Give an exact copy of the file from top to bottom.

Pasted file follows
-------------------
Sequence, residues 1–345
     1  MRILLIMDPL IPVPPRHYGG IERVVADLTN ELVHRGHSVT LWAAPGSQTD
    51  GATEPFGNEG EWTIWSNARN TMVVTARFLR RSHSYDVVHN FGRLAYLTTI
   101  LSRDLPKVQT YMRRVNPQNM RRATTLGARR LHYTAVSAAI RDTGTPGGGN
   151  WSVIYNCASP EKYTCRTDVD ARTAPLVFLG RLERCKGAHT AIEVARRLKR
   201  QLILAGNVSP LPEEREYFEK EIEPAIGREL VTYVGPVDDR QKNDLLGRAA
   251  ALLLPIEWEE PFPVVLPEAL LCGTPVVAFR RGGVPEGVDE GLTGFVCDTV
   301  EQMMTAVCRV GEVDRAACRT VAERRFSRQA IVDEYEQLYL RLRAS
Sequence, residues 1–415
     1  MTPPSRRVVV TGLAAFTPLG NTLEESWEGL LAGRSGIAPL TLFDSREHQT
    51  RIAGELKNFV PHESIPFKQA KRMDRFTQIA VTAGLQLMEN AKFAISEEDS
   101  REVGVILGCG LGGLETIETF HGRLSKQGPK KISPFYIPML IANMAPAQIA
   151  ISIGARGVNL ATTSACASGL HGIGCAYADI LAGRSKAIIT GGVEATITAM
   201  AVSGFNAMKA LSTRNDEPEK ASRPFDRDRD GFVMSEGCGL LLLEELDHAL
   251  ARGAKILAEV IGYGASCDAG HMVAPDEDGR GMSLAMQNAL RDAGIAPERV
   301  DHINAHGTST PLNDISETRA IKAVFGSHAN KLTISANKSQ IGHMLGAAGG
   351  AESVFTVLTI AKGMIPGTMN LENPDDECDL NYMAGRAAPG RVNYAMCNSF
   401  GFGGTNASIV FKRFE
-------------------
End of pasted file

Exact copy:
Sequence, residues 1–345
     1  MRILLIMDPL IPVPPRHYGG IERVVADLTN ELVHRGHSVT LWAAPGSQTD
    51  GATEPFGNEG EWTIWSNARN TMVVTARFLR RSHSYDVVHN FGRLAYLTTI
   101  LSRDLPKVQT YMRRVNPQNM RRATTLGARR LHYTAVSAAI RDTGTPGGGN
   151  WSVIYNCASP EKYTCRTDVD ARTAPLVFLG RLERCKGAHT AIEVARRLKR
   201  QLILAGNVSP LPEEREYFEK EIEPAIGREL VTYVGPVDDR QKNDLLGRAA
   251  ALLLPIEWEE PFPVVLPEAL LCGTPVVAFR RGGVPEGVDE GLTGFVCDTV
   301  EQMMTAVCRV GEVDRAACRT VAERRFSRQA IVDEYEQLYL RLRAS
Sequence, residues 1–415
     1  MTPPSRRVVV TGLAAFTPLG NTLEESWEGL LAGRSGIAPL TLFDSREHQT
    51  RIAGELKNFV PHESIPFKQA KRMDRFTQIA VTAGLQLMEN AKFAISEEDS
   101  REVGVILGCG LGGLETIETF HGRLSKQGPK KISPFYIPML IANMAPAQIA
   151  ISIGARGVNL ATTSACASGL HGIGCAYADI LAGRSKAIIT GGVEATITAM
   201  AVSGFNAMKA LSTRNDEPEK ASRPFDRDRD GFVMSEGCGL LLLEELDHAL
   251  ARGAKILAEV IGYGASCDAG HMVAPDEDGR GMSLAMQNAL RDAGIAPERV
   301  DHINAHGTST PLNDISETRA IKAVFGSHAN KLTISANKSQ IGHMLGAAGG
   351  AESVFTVLTI AKGMIPGTMN LENPDDECDL NYMAGRAAPG RVNYAMCNSF
   401  GFGGTNASIV FKRFE